I saw this ad from the Rio Tinto Alcan Planetarium in Montréal. It reads:
T’es vraiment dans la Lune!
The expression être dans la lune means to be out to lunch, to not be with it, to have your head in the clouds, etc. This expression works well in an ad from a planetarium because it contains the word lune.
There’s an informal usage in the ad, which is t’es (sounds like té). This is a contraction of tu es, and it’s used very frequently in spoken language.
The authors could’ve put in a second informal usage in the ad, but they chose not to. Do you know what informal usage that might be?
Maybe you’ll remember that when dans and la come together, they can give rise to an informal contraction: dans’.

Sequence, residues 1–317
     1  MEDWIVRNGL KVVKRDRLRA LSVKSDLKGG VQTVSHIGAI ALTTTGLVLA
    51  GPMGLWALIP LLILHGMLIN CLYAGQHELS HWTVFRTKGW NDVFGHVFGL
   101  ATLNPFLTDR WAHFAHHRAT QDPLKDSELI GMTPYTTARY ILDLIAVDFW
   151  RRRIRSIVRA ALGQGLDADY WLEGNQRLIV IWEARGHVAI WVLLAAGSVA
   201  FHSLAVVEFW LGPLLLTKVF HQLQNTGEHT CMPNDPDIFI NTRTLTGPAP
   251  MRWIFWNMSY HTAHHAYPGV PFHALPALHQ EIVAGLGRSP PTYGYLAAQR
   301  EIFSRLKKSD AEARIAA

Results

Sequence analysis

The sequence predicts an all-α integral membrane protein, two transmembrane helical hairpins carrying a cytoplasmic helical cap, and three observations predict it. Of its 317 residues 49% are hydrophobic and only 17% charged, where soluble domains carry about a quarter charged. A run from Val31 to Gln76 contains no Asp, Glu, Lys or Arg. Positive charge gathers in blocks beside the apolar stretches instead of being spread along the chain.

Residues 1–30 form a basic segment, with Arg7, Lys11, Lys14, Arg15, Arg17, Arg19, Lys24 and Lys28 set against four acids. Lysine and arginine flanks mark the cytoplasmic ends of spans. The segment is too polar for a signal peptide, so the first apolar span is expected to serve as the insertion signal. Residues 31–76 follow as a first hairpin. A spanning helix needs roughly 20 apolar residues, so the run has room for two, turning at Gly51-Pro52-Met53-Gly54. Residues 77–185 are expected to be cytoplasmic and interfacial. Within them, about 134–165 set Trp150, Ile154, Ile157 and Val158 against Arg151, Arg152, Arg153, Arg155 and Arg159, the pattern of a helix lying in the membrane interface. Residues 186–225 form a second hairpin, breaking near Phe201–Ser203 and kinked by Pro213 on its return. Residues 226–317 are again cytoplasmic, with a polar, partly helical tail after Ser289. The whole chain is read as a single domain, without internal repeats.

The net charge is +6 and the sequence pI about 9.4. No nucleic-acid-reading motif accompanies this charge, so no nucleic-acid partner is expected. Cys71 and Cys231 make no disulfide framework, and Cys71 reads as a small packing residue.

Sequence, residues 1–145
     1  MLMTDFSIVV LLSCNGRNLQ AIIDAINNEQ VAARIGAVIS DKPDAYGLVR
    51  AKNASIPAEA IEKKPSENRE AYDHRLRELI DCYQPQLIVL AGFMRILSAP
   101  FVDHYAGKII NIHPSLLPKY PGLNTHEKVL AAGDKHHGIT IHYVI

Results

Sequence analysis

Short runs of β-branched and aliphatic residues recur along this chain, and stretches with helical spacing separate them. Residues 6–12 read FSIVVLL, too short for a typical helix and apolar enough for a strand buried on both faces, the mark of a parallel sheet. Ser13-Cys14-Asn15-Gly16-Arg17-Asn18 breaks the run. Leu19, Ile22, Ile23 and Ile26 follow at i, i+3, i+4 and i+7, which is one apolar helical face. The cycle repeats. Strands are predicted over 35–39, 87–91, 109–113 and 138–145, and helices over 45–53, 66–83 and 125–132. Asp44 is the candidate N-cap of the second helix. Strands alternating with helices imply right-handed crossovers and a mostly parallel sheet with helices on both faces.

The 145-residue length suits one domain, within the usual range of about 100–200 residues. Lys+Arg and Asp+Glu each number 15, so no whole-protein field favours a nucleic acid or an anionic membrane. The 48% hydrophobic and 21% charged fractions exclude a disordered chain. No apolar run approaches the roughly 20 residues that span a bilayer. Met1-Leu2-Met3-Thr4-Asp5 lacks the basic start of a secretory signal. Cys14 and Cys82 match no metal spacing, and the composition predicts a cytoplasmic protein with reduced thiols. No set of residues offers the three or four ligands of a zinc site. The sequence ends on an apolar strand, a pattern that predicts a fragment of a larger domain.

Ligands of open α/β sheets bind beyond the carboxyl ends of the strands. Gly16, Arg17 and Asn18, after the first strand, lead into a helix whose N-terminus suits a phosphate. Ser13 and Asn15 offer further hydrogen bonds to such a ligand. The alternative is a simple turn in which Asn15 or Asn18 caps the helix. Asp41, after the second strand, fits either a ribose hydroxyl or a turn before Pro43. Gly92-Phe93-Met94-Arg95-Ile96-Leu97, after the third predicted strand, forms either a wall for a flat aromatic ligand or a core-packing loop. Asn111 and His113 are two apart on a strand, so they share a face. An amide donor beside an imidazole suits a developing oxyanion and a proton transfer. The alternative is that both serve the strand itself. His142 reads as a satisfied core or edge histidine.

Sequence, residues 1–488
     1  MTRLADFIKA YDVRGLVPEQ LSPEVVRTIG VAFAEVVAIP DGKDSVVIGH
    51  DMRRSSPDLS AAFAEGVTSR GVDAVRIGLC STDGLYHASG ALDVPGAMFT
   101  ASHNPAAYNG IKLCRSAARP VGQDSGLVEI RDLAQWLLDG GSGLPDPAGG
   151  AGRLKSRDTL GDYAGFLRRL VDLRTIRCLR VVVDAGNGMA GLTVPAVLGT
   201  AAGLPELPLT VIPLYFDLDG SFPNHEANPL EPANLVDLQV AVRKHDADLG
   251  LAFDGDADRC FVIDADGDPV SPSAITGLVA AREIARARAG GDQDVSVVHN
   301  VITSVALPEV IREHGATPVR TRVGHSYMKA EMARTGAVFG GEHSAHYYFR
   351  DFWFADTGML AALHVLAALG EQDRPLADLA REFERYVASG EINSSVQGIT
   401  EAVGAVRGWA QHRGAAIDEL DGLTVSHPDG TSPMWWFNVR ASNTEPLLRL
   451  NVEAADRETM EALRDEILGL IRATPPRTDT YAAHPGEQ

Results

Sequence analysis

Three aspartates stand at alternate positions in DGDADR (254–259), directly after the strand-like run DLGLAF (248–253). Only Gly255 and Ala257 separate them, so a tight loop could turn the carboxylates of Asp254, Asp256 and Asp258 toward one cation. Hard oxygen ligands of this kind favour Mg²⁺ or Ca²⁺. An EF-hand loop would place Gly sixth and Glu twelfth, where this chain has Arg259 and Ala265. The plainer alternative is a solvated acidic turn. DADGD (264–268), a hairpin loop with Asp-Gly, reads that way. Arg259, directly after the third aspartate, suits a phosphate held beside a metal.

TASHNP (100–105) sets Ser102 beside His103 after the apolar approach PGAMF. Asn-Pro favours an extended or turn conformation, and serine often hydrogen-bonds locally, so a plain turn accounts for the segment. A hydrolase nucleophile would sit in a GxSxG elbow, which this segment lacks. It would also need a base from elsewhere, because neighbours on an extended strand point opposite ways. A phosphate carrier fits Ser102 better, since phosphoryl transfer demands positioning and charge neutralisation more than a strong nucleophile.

This means tu es dans la lune can be pronounced informally as t’es dans’ lune.
Why then didn’t they put the informal dans’ in the ad if they were willing to use t’es? It isn’t unusual to come across t’es in advertising, but dans’… very rare. The authors probably felt dans’ would’ve rendered the text too informal, striking readers as inappropriate.
Maybe we can compare it to the informal yer and gonna in English. You might come across you’re gonna love it in an ad, with the informal gonna, but you’re much less likely to come across yer gonna love it, even though that’s how you’d pronounce it spontaneously.